Employers are boosting student engagement and employability by sharing data with universities, explain Rachel Heyes at Nottingham Trent University and Lucy Everett at University of Edinburgh.
While universities are data-rich, it may come as a surprise to many employers that they have limited visibility of the roles that students apply for.
Employers that share recruitment data benefit from more work-ready students and enhanced attraction campaigns. Data sharing also sparks and enhances strategic alliances.
Sharing recruitment data
Universities can analyse views and click throughs on the thousands of jobs they advertise on vacancy platforms. However, a student’s recruitment journey can happen with minimal intervention from the careers and employability teams. We often don’t know where along the job-hunting journey our students struggle, are unsuccessful or drop out. And we don’t always know when they are successful and have landed their dream job.
The only way we know students secure a graduate role is 18 months after they graduate, and that’s if they choose to return the national Graduate Outcome Survey.
Each year several employers actively share their recruitment data with us. This enables us to start to build a picture of how our students are faring in the recruitment process, from the number of applicants through to successful hires.
The reports we receive are anything from a simple spreadsheet to glossy brochures complete with infographics.
Some reports will highlight where in the process our students all falling down, which students are applying, their courses and what types of roles they are being successful in securing.
Some employers will list their top performing universities as a league table – which is a great nudge for university teams with a friendly, yet competitive inclination. We love this data, and want more of it!
Why should employers share recruitment data?
Recruitment data helps keep careers and employability teams up-to-date with new and evolving applicant processes, and to target where interventions can make the most impact, such as offering practice psychometric testing.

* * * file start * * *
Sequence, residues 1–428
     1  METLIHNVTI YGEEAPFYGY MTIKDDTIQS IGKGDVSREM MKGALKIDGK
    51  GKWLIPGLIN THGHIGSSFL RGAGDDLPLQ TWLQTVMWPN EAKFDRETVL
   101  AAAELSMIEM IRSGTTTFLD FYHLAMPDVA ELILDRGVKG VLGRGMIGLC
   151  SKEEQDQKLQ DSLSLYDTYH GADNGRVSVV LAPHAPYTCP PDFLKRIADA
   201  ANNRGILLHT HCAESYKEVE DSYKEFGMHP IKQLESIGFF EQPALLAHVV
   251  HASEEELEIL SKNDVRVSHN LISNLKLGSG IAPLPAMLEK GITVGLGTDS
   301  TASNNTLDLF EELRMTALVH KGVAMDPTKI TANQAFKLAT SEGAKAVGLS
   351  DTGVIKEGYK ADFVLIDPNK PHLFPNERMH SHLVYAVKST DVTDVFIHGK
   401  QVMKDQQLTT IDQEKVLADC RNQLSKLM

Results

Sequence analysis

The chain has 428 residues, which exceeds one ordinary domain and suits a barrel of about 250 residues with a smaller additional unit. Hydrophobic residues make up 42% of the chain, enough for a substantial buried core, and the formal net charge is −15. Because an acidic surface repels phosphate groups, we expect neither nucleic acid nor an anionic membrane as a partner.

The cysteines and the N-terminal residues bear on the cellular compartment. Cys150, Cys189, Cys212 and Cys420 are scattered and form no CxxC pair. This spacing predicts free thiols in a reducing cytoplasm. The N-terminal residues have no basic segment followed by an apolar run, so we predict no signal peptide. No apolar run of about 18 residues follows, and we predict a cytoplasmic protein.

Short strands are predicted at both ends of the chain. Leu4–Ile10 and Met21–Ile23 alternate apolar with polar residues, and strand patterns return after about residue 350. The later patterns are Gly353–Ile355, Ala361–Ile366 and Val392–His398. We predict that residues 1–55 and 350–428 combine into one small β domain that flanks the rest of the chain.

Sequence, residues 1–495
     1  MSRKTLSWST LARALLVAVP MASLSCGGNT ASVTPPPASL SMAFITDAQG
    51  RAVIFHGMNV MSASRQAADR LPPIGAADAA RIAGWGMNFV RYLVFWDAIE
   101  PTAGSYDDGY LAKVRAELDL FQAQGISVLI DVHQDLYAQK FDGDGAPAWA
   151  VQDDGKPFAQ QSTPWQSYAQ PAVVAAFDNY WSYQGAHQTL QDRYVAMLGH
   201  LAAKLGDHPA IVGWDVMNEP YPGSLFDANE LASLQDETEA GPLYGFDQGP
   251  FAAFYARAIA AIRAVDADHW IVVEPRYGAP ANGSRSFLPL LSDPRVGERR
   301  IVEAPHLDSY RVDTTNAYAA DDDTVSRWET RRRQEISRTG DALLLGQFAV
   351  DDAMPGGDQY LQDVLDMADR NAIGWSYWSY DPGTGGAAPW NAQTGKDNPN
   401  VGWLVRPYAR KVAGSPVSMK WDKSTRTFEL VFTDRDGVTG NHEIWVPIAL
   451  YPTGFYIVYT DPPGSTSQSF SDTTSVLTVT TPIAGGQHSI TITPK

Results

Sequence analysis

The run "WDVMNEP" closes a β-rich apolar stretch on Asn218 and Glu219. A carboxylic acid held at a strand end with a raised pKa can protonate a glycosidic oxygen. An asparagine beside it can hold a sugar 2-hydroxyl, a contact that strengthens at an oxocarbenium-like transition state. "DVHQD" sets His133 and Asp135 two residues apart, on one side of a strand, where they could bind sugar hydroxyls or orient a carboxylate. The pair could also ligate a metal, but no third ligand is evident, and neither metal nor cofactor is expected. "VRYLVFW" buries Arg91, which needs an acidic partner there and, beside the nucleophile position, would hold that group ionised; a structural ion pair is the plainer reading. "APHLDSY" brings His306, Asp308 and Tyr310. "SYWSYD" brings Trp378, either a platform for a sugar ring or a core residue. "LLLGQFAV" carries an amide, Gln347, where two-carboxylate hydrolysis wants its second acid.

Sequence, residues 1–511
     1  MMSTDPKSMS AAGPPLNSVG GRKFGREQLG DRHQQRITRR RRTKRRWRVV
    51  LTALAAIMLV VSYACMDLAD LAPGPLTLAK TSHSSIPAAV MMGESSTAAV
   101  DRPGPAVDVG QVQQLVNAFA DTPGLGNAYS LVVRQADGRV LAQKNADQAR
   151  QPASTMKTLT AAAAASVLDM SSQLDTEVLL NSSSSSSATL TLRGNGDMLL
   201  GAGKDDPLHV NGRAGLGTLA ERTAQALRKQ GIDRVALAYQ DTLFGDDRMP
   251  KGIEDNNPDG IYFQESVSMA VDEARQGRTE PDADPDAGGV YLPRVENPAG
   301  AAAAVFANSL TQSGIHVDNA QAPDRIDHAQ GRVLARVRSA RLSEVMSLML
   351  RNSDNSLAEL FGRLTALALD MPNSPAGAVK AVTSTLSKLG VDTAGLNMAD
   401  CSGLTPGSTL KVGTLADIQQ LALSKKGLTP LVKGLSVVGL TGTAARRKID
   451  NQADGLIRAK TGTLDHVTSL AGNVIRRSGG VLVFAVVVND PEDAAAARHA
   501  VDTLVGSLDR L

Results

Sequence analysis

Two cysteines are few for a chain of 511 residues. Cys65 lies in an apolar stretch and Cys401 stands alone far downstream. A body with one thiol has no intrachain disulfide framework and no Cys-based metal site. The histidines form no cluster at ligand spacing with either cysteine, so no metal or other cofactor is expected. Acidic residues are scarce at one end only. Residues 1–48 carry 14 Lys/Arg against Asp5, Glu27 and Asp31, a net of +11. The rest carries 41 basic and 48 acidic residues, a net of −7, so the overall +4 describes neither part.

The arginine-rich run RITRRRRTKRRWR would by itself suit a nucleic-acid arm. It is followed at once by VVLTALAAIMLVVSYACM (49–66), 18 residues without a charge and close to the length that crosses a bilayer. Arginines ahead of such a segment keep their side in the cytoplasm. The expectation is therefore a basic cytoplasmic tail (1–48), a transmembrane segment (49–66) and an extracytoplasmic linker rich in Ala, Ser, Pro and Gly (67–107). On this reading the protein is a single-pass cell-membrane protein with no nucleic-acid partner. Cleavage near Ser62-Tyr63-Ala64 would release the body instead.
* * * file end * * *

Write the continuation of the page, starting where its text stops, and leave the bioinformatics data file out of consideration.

Careers and employability teams use this intelligence to shape their delivery. They share the data in their sessions with students, bringing the recruitment journey to life and showcasing employers.
It demonstrates to students the need to develop their skills in preparation for a competitive recruitment process. This means better prepared students for the world of work.
The data is also used to enhance employer vacancy promotion. We can pull out data headlines to catch attention or showcase success, particularly in targeting key student groups or schools.
Data sharing in practice
There are lots of examples of good practice from employers, including FDM, Enterprise, NGDP, Leonard Cheshire Change 100 programme, Skyscanner, Ecometrica, 10,000 Interns Foundation, Teach First, Lloyds, NatWest and EY.
For example, with data from Newton Europe, University of Edinburgh could see how many students apply, how they perform in final interviews and the demographic of successful applicants.
This enabled benefits to both parties, building a more robust, long-term partnership. Newton Europe’s activity on campus has been more targeted and effective, with sponsorship of our flagship Discover Careers three-day event and pop up Careers & Coffee at key campuses.
At Nottingham Trent University, KPMG’s data revealed a significant number of students who received psychometric tests, didn’t submit them. This led us to develop a programme of psychometric testing, which built student confidence and improved engagement.
Longer term we think it might be beneficial to develop reports for our key employers, including the evaluation of job views, attendance at events, and even competitor analysis.
Being data-rich is one thing, being data-informed is another, and it often depends on the data in question. This data is powerful, helping us to support our students for success in the recruitment process is a win-win.
By looking at the long-term talent pipeline over the whole student lifecycle, from early years engagement through internships and into graduate roles, makes brand and attraction campaigns meaningful.
All of this also helps to build the foundations for effective university-employer partnerships.
Data sharing is one of the themes that will be explored at the ISE HE Conference taking place online 5-7 December 2023. Find out more information or register.
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